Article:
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Abundance estimation of Ixodes ticks (Acari: Ixodidae) on roe deer (Capreolus capreolus).

Kiffner C, Lödige C, Alings M, Vor T, Rühe F - Exp. Appl. Acarol. (2010)

Bottom Line: In order to estimate the combined tick burden, tick counts on the head can be used for extrapolation.The presented linear models are highly significant and explain 84.1, 77.3, 90.5, 91.3, and 65.3% (adjusted R (2)) of the observed variance, respectively.Thus, these models offer a robust basis for rapid tick abundance assessment.

View Article: PubMed Central - PubMed

Affiliation: Department of Forest Zoology and Forest Conservation incl. Wildlife Biology and Game Management, Büsgen-Institute, Georg-August-University Göttingen, Büsgenweg 3, Göttingen, Germany. ckiffne@gwdg.de

ABSTRACT
Despite the importance of roe deer as a host for Ixodes ticks in central Europe, estimates of total tick burden on roe deer are not available to date. We aimed at providing (1) estimates of life stage and sex specific (larvae, nymphs, males and females, hereafter referred to as tick life stages) total Ixodes burden and (2) equations which can be used to predict the total life stage burden by counting the life stage on a selected body area. Within a period of 1(1/2) years, we conducted whole body counts of ticks from 80 hunter-killed roe deer originating from a beech dominated forest area in central Germany. Averaged over the entire study period (winter 2007-summer 2009), the mean tick burden per roe deer was 64.5 (SE +/- 10.6). Nymphs were the most numerous tick life stage per roe deer (23.9 +/- 3.2), followed by females (21.4 +/- 3.5), larvae (10.8 +/- 4.2) and males (8.4 +/- 1.5). The individual tick burden was highly aggregated (k = 0.46); levels of aggregation were highest in larvae (k = 0.08), followed by males (k = 0.40), females (k = 0.49) and nymphs (k = 0.71). To predict total life stage specific burdens based on counts on selected body parts, we provide linear equations. For estimating larvae abundance on the entire roe deer, counts can be restricted to the front legs. Tick counts restricted to the head are sufficient to estimate total nymph burden and counts on the neck are appropriate for estimating adult ticks (females and males). In order to estimate the combined tick burden, tick counts on the head can be used for extrapolation. The presented linear models are highly significant and explain 84.1, 77.3, 90.5, 91.3, and 65.3% (adjusted R (2)) of the observed variance, respectively. Thus, these models offer a robust basis for rapid tick abundance assessment. This can be useful for studies aiming at estimating effects of abiotic and biotic factors on tick abundance, modelling tick population dynamics, modelling tick-borne pathogen transmission dynamics or assessing the efficacy of acaricides.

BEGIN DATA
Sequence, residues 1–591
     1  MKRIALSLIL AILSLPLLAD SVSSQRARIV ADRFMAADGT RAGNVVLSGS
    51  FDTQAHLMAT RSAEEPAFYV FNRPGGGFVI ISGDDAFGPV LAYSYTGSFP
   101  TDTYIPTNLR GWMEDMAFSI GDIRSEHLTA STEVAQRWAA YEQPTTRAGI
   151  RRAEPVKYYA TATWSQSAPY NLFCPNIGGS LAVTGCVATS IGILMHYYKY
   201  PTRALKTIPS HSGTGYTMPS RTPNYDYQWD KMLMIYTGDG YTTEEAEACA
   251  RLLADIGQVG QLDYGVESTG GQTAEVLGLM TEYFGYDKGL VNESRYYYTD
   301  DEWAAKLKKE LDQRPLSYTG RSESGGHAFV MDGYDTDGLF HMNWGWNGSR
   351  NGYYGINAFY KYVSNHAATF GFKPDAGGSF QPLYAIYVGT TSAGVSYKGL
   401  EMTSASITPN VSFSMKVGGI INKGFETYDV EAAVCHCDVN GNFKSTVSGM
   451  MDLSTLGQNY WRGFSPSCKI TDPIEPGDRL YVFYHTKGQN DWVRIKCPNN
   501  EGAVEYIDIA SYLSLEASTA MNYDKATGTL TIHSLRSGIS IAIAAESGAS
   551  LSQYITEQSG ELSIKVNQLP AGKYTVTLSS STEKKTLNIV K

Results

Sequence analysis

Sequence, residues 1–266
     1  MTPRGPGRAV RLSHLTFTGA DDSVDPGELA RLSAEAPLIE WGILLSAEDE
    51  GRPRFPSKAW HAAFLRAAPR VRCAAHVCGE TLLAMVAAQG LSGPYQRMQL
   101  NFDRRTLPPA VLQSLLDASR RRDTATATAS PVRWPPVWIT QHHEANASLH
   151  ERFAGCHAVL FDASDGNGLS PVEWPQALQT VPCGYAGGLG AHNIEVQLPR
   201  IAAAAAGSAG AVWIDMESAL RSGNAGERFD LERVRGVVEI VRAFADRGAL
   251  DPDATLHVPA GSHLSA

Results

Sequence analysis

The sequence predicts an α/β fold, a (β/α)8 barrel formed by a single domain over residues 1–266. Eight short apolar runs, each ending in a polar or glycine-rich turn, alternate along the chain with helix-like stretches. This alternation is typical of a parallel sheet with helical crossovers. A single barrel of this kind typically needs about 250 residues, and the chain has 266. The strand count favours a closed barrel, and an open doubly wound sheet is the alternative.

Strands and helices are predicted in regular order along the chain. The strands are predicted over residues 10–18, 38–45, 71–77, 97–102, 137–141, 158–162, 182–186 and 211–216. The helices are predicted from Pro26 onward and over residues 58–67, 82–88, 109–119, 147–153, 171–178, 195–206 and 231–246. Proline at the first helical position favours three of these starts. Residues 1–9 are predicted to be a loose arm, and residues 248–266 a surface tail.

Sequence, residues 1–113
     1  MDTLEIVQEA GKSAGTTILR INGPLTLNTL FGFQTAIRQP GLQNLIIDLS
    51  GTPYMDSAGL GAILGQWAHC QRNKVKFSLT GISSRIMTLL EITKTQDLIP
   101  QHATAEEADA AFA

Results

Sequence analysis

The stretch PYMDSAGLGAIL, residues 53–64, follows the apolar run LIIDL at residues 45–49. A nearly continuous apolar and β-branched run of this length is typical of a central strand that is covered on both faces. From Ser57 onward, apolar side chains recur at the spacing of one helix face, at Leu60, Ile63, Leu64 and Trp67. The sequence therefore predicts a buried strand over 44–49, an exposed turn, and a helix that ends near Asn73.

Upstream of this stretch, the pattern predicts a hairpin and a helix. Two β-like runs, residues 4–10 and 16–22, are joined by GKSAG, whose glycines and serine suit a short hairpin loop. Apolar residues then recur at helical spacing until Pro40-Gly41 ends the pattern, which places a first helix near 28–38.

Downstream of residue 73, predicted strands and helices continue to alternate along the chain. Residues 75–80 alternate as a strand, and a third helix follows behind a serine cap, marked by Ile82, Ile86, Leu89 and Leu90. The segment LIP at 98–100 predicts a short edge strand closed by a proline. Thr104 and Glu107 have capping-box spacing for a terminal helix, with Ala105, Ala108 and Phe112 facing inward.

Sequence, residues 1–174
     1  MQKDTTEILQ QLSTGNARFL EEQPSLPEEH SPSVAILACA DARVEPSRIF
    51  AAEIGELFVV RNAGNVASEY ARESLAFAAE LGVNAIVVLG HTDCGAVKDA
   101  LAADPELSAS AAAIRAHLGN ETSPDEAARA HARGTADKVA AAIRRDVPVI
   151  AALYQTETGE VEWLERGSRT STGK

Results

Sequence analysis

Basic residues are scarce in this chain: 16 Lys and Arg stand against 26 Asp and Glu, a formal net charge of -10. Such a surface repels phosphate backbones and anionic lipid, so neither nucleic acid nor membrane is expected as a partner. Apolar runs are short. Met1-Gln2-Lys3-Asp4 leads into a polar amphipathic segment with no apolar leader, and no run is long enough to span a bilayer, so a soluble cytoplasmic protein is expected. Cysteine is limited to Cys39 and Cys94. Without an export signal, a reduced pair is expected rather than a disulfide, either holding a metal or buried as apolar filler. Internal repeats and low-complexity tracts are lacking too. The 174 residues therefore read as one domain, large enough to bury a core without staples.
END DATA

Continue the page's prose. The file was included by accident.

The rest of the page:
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Linear regression plot showing the relationship between the number of ticks (all life stages combined) attached on the head and predicted number of ticks on the entire roe deer body
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Fig3: Linear regression plot showing the relationship between the number of ticks (all life stages combined) attached on the head and predicted number of ticks on the entire roe deer body

Mentions: For male ticks (Fig. 2d), the corresponding model (F = 827.3, DF = 1, 78, P ≪ 0.001) explained ca. 91% of the variance (adjusted R2 = 0.913):\documentclass[12pt]{minimal} \usepackage{amsmath} \usepackage{wasysym} \usepackage{amsfonts} \usepackage{amssymb} \usepackage{amsbsy} \usepackage{mathrsfs} \usepackage{upgreek} \setlength{\oddsidemargin}{-69pt} \begin{document}$$ {\text{Males on entire roe deer}} = 1. 8 6\left( { \pm 0. 50} \right) + 1. 5 7\left( { \pm 0.0 5} \right) \times {\text{males on neck}} $$\end{document}For all ticks combined, tick counts on the head appeared to be the best predictor for total tick burden (Table 2). This relationship (Fig. 3) was also described with a linear model (F = 149.3, DF = 1, 78, P ≪ 0.001) and explained ca. 65% of the variance (adjusted R2 = 0.653):\documentclass[12pt]{minimal} \usepackage{amsmath} \usepackage{wasysym} \usepackage{amsfonts} \usepackage{amssymb} \usepackage{amsbsy} \usepackage{mathrsfs} \usepackage{upgreek} \setlength{\oddsidemargin}{-69pt} \begin{document}$$ {\text{Ticks on entire roe deer}} = - 3.0 6 \left( { \pm 8. 3 5} \right) + 2. 6 6\left( { \pm 0. 2 2} \right) \times {\text{Ticks on head}} $$\end{document}Fig. 3